Morgan Stanley crushed profit expectations on trading and investment banking results that exceeded analysts’ expectations.
The New York-based company said profit surged 39 percent to $2.44 billion in the second quarter from a year earlier, exceeding the $2 billion estimate of analysts surveyed by Thomson Reuters. Earnings per share of $1.30 exceeded the $1.11 estimate. Revenues climbed 12 percent to $10.6 billion, about $500 million more than analysts expected.
The shares climbed more than 3 percent in pre-market trading in New York.
In the bank’s equities division, the biggest on Wall Street, the firm delivered $2.5 billion in revenue on good performance across all products, especially financing, compared with the $2.29 billion estimate. It’s bond-trading department produced $1.4 billion, compared with the $1.29 billion estimate, on higher results in commodities and credit.
Investment banking, which includes deal advisory and stock and bond issuance, generated $1.7 billion in revenue, compared with the $1.54 billion estimate. The business exceeded expectations across deal-making and capital markets units, the bank said.
“We reported robust revenue and earnings growth this quarter with strength across all businesses and geographies,” Chief Executive Officer James Gorman said in a statement. “Our strong global franchise positions us well to continue to grow organically across each of our businesses and to deliver operating leverage.”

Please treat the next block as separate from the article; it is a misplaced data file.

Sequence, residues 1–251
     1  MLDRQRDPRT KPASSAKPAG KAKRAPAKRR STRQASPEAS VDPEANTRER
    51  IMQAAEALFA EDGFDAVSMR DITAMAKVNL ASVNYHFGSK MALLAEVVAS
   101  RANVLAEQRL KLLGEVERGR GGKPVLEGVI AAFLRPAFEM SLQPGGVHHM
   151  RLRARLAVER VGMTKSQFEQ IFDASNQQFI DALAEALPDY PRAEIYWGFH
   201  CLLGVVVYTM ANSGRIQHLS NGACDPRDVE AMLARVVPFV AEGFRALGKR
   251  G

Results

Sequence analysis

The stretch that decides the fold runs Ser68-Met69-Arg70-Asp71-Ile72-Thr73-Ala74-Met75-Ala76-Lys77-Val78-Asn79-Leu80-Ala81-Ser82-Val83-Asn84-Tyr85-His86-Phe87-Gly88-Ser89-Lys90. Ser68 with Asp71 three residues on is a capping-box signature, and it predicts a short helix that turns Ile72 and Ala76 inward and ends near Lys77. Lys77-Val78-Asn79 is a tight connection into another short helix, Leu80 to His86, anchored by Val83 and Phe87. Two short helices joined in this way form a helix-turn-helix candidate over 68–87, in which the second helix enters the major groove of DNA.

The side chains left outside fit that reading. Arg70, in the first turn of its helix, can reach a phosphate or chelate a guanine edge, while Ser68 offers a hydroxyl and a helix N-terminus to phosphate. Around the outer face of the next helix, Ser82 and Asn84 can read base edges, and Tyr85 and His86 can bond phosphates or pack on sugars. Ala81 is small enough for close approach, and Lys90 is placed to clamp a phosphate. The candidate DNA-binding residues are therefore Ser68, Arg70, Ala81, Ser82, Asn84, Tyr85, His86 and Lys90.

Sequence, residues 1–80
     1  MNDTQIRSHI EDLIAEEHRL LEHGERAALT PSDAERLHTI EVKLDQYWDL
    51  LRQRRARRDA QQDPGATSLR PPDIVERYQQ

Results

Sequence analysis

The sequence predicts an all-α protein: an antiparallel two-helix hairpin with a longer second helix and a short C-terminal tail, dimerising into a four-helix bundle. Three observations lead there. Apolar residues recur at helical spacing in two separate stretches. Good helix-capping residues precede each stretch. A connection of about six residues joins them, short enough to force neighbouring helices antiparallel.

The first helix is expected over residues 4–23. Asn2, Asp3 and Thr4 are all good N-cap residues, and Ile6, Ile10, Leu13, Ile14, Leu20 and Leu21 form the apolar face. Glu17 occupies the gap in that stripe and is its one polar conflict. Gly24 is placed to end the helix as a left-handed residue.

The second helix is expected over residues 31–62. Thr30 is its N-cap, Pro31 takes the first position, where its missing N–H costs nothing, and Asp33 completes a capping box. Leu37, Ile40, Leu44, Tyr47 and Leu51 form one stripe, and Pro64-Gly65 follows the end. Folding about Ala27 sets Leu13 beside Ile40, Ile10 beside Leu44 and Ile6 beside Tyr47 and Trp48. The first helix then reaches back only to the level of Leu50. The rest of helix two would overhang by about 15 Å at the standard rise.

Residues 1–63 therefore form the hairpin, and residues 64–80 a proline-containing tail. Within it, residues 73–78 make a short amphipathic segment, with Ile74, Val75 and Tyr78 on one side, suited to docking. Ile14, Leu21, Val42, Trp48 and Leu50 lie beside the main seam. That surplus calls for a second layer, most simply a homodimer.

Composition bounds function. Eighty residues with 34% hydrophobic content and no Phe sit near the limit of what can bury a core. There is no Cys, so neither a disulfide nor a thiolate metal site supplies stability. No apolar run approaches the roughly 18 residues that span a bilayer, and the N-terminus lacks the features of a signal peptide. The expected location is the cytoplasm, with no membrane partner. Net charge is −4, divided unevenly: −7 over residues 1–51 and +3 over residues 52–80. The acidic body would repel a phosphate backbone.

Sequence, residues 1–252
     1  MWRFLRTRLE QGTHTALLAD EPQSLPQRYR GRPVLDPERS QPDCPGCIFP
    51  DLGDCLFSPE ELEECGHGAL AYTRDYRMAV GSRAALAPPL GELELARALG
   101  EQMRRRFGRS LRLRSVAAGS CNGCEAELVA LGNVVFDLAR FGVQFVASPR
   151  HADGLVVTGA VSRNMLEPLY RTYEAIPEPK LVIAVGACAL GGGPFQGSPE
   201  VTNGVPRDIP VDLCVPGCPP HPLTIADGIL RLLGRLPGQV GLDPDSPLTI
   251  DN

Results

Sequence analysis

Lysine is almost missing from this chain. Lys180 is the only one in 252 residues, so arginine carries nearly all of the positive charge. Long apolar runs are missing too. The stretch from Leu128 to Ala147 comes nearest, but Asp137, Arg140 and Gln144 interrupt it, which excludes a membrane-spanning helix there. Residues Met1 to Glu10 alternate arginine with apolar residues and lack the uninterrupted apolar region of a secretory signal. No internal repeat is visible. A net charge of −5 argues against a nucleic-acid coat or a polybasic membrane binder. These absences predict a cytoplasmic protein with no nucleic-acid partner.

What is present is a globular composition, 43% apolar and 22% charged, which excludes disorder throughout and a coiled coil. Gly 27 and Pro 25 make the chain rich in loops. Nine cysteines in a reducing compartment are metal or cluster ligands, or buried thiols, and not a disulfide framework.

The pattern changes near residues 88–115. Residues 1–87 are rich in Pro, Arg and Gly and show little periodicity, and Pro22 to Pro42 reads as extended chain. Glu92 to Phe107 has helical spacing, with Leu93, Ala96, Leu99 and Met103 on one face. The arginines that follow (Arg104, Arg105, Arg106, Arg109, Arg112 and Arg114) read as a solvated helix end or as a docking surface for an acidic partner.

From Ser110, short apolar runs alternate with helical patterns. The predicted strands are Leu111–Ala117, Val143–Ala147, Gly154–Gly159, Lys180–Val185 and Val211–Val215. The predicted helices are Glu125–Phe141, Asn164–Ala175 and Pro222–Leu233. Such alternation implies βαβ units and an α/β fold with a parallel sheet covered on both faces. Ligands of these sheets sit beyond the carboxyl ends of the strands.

Still, revenues in wealth management and investment management were slightly below expectations. Wealth management produced $4.3 billion in revenue, compared to the $4.43 billion estimate, as the company said transactional revenues declined by almost 10 percent thanks to lower fixed income results. Investment management, the smallest of the firm’s three main divisions, generated $691 million in revenue, below the $707.9 million estimate.
Under Gorman, 59, Morgan Stanley has emphasized its wealth-management division, a far steadier business than trading operations. He has also overhauled its fixed-income business, moves that helped the firm eclipse rival Goldman Sachs in market capitalization earlier this year. The executive behind that bond-trading rebound, Ted Pick, was promoted this month to gain oversight of investment-banking activities.
The firm was forced last month to maintain its capital-return plans unchanged from last year after fumbling a key part of its annual stress test. The company said Wednesday that, as expected, it raised its quarterly dividend to 30 cents a share from 25 cents and authorized a $4.7 billion share buyback program, which is consistent with its 2017 plan. Morgan Stanley shares are down 6.2 percent this year before Wednesday, under-performing the KBW Bank Index, which is almost unchanged.